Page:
Reading Dylan Horrocks' review of Mark Barrowcliffe's The Elfish Gene and his short comic, The Physics Engine, struck me with a pang of nostalgia for the world of roleplaying gaming.
I have tremendous sympathy for kids who get into roleplaying games. The RPG geek's lot is somewhat tragic, and not in the usual sense. Far from the odious, egotistical stereotype, I feel that most teenagers (or at least boys) respond to roleplaying, offers two succours in an otherwise difficult period: a sense of empowerment and purpose in an otherwise chaotic period of development and a safe way of exploring (intellectually and emotionally) the fearful and banal new territory of pubescence.
Childhood is a mysterious time. Children are all artists and magicians. And they are all roleplayers. As children become self-conscious teens and young adults, they are often divested of free communion with the world of the imagination; many people feel this loss of beauty and enchantment bitterly.
Roleplaying is playing. It is about creating worlds, characters, exciting events and involving other people in one's own imaginative world. A bit like writing stories. Or acting. Or drawing cartoons. The charge of escapism is at least as legitimate of these other creative activities as it is of roleplaying.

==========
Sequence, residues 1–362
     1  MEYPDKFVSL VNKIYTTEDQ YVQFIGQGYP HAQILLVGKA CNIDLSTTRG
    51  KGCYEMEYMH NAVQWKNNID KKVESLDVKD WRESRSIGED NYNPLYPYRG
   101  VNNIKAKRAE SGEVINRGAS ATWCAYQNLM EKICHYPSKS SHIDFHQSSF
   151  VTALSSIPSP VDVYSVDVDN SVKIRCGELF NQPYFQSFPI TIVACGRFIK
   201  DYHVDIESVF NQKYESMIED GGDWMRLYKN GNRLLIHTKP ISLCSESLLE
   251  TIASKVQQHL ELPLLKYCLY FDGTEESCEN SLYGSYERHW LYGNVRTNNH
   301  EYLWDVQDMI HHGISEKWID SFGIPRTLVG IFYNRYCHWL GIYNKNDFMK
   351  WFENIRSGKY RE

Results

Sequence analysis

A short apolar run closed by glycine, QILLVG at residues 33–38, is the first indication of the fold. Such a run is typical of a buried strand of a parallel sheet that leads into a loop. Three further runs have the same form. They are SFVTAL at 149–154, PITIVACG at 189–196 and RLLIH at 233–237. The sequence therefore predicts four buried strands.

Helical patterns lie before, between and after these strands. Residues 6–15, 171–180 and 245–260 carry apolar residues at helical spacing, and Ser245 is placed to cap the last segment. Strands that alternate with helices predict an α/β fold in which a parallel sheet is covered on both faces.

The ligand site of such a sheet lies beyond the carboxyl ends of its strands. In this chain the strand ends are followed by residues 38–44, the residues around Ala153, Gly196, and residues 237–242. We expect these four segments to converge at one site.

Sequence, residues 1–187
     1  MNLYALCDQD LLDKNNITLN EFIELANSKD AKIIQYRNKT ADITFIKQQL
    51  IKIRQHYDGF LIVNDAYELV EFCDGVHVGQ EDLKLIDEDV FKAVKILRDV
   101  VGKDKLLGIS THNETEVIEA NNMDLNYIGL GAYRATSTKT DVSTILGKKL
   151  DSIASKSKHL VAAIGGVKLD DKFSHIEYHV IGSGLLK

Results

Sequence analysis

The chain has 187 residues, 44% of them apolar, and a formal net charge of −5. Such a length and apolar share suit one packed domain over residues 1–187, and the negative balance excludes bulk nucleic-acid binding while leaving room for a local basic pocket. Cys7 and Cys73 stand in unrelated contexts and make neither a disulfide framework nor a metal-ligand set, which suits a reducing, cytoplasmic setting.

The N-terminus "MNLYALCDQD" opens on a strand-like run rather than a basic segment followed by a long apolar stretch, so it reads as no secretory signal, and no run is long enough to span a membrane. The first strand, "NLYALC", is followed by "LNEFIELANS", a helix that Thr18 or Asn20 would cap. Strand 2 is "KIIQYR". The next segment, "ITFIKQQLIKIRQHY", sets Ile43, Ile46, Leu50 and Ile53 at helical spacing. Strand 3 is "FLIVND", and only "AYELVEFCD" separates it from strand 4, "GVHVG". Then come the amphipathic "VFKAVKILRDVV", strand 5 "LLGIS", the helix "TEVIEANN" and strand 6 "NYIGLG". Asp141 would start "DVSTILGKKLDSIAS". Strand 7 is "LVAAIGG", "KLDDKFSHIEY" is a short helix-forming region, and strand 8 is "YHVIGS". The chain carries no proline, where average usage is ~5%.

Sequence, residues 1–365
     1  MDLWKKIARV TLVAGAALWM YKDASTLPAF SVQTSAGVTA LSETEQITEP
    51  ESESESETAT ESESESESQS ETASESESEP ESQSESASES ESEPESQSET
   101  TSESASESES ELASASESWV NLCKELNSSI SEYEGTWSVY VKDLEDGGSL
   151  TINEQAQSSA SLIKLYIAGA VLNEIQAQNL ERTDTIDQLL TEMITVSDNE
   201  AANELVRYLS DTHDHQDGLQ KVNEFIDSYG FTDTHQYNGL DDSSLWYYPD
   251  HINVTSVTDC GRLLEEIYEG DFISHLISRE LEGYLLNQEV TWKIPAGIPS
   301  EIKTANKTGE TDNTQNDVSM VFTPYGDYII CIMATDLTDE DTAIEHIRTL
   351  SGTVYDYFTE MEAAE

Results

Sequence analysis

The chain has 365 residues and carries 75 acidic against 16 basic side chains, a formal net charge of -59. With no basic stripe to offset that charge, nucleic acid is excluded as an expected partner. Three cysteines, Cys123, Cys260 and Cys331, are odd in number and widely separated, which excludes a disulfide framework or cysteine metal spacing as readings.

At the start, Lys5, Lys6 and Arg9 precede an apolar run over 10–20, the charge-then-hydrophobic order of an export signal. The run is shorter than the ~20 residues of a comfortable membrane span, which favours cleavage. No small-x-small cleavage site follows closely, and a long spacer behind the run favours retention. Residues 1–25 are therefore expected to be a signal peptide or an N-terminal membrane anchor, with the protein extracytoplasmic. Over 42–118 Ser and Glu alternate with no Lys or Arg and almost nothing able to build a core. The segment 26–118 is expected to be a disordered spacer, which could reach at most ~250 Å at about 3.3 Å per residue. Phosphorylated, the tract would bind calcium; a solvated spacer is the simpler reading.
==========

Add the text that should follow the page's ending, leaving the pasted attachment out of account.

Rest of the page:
I recently read Lynda Barry's What It Is , which saddens and inspires by turns. Barry gives a recognisable description of having her mental life stripped of confidence, imagination and creativity - albeit far more brutally than most of us experience - to conform with a vision of adult normality.
Ironically, this child's-eye view (indeed, caricature) of being 'grown up' has little to do with emotional maturity or social (or even personal) responsibility. It reminds one that being told to 'grow up!' is to be admonished rather than encouraged, where innocence is conflated with naivety.
Although I haven't taken part in a roleplaying game in many years, my memories of it are mainly of friendship and creativity. Respect for the natural world, understanding of and empathy with others, and foresight require imagination. It seems to me that the world could do with more of this.